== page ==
Demystifying Kimchi’s Health Claims
Written By Stephen Redeker
Near the end of November brings the annual tradition of making kimchi. For centuries, different forms of kimchi have been a part of the Korean diet. The most common type, which consists of Chinese cabbage covered in a mix of red pepper paste and other spices, has been a staple since the 18th century. There have been numerous health claims made about kimchi, and some doctors even prescribe it to their patients (Got a stomach ache? You are not eating enough kimchi). Some have even claimed its ability to ward off bird flu and SARS (severe acute respiratory syndrome). While these examples may seem farfetched to many, let us take a look at the scientifically proven health benefits of Korea’s most cherished side dish.
Kimchi contributes to improved digestion in a few ways. The main ingredient, cabbage, is already known to contain fiber which helps clear out the intestines. The fermentation of kimchi creates the healthy bacterium lactobacillus, which, also found in yogurt, enhances the digestion process. The effects of the lactobacilli extend beyond just digestion. It fights against dermatitis and promotes healthy skin and hair. It also assists in weight loss by suppressing appetite and stabilizing blood sugar levels (which is very helpful to diabetics). Tests have also shown that kimchi contains allicin, which is found in garlic. This helps the body reduce cholesterol levels and prevents the buildup of unhealthy plaque in the artery walls, thus reducing the risk of heart attack and stroke.
Garlic, ginger, and pepper are used to make kimchi, and these provide phenolics and flavenoids, which are compounds that enrich the blood circulation system, as well as boost the immune system. The antioxidants contained in kimchi help reduce the dangers of free radicals, which can lead to cancer. That is a big reason why kimchi is recognized for its anti-aging properties; it helps slow down the aging process at the cellular level due the high concentration of these healthy components. Also, the large presence of vitamins A, B and C in the ingredients play a big part in keeping the body strong.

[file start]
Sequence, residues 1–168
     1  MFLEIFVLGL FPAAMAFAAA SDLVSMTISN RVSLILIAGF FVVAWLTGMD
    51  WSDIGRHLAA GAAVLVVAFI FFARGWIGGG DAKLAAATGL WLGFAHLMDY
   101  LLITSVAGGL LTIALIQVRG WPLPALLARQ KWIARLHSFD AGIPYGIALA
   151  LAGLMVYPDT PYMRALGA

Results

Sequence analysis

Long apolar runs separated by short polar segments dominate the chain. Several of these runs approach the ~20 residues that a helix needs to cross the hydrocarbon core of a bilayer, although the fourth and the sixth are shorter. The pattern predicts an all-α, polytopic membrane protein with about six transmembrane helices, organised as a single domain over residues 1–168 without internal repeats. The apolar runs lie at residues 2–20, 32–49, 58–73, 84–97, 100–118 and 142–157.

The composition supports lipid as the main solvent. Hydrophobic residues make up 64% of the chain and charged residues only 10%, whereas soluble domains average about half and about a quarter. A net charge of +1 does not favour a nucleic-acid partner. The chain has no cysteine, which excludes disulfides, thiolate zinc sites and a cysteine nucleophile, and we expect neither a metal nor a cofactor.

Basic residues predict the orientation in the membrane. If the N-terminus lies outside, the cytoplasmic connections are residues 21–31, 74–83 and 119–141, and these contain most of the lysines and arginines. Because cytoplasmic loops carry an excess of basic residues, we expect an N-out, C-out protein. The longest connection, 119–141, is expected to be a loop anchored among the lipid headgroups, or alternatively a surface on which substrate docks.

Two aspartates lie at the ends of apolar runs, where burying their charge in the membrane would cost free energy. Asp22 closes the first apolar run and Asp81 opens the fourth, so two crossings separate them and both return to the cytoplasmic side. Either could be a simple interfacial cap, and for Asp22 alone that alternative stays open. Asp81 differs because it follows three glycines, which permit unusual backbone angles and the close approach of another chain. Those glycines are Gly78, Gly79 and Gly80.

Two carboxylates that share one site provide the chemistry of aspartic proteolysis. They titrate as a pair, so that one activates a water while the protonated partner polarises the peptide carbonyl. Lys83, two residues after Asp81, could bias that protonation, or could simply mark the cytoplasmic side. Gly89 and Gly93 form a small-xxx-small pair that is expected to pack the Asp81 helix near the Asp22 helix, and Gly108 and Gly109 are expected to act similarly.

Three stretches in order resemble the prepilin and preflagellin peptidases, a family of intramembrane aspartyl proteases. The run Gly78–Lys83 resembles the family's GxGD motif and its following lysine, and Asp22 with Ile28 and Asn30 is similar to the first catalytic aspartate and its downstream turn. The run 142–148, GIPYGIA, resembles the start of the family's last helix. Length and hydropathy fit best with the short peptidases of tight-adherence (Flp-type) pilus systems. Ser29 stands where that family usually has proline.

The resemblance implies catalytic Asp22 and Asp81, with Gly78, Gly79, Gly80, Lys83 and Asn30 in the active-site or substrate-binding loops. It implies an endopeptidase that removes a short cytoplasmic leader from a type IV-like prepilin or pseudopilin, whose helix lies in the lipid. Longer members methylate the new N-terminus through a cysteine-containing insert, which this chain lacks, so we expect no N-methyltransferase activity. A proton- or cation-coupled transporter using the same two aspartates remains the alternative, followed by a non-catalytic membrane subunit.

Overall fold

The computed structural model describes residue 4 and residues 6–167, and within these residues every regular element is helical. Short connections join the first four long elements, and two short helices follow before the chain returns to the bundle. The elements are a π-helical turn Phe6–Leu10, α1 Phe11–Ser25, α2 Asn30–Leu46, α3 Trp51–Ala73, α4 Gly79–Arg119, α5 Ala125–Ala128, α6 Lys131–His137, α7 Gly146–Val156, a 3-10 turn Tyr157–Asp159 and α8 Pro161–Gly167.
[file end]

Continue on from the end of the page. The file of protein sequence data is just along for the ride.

Eating massive amounts of kimchi does come with a risk, however. Stomach (gastric) cancer deaths in Korea are very high compared to the rest of the world. Doctors have said that too much salt, combined with red pepper especially, could form dangerous carcinogens. Fermented foods may highly increase the risk of cancer in many people, so doctors recommend a controlled intake.
We may not know for certain the exact effects kimchi has on preventing certain diseases and conditions in the body, but what experts have discovered is very encouraging. There are so many healthy components that combine in kimchi, which is why numerous health benefits exist. So, go enjoy some kimchi today!
References: organicfacts.net, livestrong.com, health.com, webmd.com